City weighing options to fill payroll tax shortfall
COVINGTON, Ky. – The work-from-home trend pervading America’s office culture since the beginning of the pandemic in 2020 has crashed down on the City of Covington’s tax revenues.
Covington leaders are faced with filling significant holes in the City’s General Fund budget caused by decreases in payroll tax revenue as major employers in Covington are permitting employees to work from home and thus – if they live outside Covington – to pay their local taxes elsewhere.
The challenge for Covington is both short term and long term. With one quarter left in the 2023 fiscal year, the City faces an anticipated hole of $5 million to be filled by June 30. As City leaders put together the budget for the 2024 fiscal year, which starts July 1, they anticipate a $7.2 million hole. The impact in the 2025, 2026 and future fiscal years is unknown.
The shortfall was discussed briefly at the Board of Commissioners meeting on Tuesday, when Finance Director Steve Webb gave a presentation on Third Quarter Year-to-Date Fiscal Performance.
Three quarters into the fiscal year, the City has collected just 63 percent of the anticipated payroll tax revenue, compared to 76 percent at this point last year, Webb said.
“We’ve fallen off the pace due to implications of remote-work situations with our largest employers,” he explained. “As remote work has become normalized, these employers are withholding and remitting a portion of the occupational license tax to the jurisdictions where their employees are physically working.”
City leaders acknowledge the long-term implications of the trend but suggest the City can fill the gaps for the time being without affecting services to the public.
“We have intentionally structured our finances to have reserves for the unexpected,” Mayor Joe Meyer said. “This approach also enables us to avoid a crisis reaction, like layoffs. In the short term, the City can deal with this turn of events, but in the future we will have to rethink our strategies.”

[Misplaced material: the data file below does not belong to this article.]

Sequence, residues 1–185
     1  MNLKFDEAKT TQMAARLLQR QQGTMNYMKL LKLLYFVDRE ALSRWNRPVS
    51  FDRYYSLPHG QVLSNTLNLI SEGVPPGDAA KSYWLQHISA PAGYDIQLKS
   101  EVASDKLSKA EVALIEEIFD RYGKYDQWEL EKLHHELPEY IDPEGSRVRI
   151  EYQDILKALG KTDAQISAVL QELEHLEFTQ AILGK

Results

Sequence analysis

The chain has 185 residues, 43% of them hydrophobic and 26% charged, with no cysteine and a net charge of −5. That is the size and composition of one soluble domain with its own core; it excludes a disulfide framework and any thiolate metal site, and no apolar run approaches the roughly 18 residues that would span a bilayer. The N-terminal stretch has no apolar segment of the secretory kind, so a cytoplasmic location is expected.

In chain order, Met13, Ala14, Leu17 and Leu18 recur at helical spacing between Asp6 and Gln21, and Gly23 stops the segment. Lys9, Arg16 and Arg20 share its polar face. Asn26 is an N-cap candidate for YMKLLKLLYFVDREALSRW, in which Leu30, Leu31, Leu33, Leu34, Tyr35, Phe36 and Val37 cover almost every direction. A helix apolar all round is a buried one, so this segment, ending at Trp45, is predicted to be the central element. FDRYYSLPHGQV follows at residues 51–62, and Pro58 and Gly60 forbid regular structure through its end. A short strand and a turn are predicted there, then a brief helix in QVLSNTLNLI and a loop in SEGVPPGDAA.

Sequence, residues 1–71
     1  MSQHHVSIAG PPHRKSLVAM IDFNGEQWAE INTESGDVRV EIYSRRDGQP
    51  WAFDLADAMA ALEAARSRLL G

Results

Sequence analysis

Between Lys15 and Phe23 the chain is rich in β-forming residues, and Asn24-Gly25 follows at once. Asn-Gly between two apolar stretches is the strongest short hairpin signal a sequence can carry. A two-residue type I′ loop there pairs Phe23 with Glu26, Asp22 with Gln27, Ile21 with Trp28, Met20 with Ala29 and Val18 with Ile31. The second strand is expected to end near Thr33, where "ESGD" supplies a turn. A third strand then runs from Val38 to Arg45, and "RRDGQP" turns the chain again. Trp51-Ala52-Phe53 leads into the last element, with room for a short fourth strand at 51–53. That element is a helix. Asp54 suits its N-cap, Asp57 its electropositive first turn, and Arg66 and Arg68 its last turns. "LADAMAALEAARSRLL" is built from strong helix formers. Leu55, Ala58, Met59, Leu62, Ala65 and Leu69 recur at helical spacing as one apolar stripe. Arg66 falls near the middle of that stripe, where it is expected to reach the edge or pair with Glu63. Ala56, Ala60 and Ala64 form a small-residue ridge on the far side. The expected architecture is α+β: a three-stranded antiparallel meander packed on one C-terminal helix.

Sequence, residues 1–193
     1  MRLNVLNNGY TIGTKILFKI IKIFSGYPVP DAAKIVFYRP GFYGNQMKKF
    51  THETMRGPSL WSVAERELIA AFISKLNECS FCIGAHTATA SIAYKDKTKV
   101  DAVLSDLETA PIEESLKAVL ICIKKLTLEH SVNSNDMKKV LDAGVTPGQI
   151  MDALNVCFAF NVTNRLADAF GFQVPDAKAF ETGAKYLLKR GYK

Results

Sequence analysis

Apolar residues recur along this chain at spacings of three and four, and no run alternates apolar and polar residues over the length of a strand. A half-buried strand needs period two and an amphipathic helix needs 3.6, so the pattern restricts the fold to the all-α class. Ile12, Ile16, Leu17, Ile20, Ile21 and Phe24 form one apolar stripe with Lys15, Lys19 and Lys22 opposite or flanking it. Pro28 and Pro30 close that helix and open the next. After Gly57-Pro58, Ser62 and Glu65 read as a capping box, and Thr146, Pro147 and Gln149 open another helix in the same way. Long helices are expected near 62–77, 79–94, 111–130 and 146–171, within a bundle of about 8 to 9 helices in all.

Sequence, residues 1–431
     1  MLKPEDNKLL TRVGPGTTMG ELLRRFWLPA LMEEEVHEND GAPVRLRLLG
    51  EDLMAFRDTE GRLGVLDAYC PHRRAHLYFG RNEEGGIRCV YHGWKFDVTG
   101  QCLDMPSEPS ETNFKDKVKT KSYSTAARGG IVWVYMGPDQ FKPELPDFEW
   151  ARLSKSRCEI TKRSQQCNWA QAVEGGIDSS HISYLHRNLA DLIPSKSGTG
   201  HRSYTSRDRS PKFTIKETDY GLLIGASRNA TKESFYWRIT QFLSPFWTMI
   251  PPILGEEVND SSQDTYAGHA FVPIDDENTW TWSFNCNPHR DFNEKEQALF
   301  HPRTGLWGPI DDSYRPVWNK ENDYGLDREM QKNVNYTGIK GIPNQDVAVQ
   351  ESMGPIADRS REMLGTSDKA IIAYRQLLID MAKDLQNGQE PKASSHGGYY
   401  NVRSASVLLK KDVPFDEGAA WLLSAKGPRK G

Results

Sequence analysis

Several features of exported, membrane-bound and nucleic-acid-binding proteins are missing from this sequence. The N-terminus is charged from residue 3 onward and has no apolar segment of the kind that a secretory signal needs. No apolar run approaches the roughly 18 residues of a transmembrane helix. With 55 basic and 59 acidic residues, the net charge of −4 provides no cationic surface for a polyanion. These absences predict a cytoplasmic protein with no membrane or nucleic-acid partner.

Covington Finance officials began noticing the size reduction in payroll tax revenue late last year.
“Initially, we thought the downturn in payroll tax revenues was an ebb-and-flow anomaly related to the COVID 19-influenced economy,” Webb said. “But as the gap grew and as we investigated further, we realized that it reflected a more permanent challenge that ran much deeper.”
For example, the City discovered that Boston-based Fidelity Investments – which has 5,700 employees in Covington and thus is the City’s largest employer – had changed the way it withheld local payroll taxes.
In Kentucky, local governments assess payroll taxes based on where someone works. That tax is withheld by companies from the employees’ paychecks and forwarded to the local government. Individual employees who spend a significant amount of time working elsewhere can seek reimbursement of a portion of their taxes, but that requires proof that they paid other jurisdictions.
Fidelity decided last fall to do that en masse by withholding tax from its Covington employees only for the amount of time they worked at the Covington office, a policy that Fidelity officials eventually confirmed this spring.
As a result, Webb said, Covington is receiving only about 14 percent of the payroll tax it had been receiving from Fidelity employees. A small portion of that decrease has been offset by payroll tax revenue from new jobs created in the City, but that growth isn’t enough to offset the loss of revenue from 5,700 employees.
“That’s a pretty big hole in the General Fund,” he said.
In most years, payroll tax revenue accounts for more than 50 percent of the General Fund, which is the basic operations fund that pays for City services ranging from putting out fires to patrolling streets to filling in potholes. Thus Covington’s elected leaders must take steps to account for that loss of revenue.
In the long term, City officials will continue to create more jobs, and the eventual development of the former IRS site will help. In the short term, Covington’s elected leaders have several options:
- Expanded use of American Rescue Plan Act funds. One of the stated purposes of that federal program was to help local governments overcome the negative impact of the pandemic on revenues, and Covington could simply increase the amount of ARPA funds being used for that purpose.
- Stripping the new 2023-24 budget to bare essentials when it comes to non-personnel spending.
- Continued efficiencies.
- Dipping into reserve accounts the City has expanded in recent years for just such an occasion.
- Exploring taxing options.
Clarity will come soon, Webb said. The City is required to have a balanced budget passed in time for the July 1 start of the 2023-24 fiscal year, as well as to make adjustments to finish the current fiscal year in a balanced situation.
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